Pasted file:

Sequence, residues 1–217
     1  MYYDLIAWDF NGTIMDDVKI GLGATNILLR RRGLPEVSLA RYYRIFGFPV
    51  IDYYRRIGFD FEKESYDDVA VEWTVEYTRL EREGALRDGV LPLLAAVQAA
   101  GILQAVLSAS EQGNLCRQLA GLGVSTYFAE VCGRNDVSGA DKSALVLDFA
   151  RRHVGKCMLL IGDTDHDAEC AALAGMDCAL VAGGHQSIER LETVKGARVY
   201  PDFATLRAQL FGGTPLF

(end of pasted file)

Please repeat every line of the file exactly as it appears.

Sequence, residues 1–217
     1  MYYDLIAWDF NGTIMDDVKI GLGATNILLR RRGLPEVSLA RYYRIFGFPV
    51  IDYYRRIGFD FEKESYDDVA VEWTVEYTRL EREGALRDGV LPLLAAVQAA
   101  GILQAVLSAS EQGNLCRQLA GLGVSTYFAE VCGRNDVSGA DKSALVLDFA
   151  RRHVGKCMLL IGDTDHDAEC AALAGMDCAL VAGGHQSIER LETVKGARVY
   201  PDFATLRAQL FGGTPLF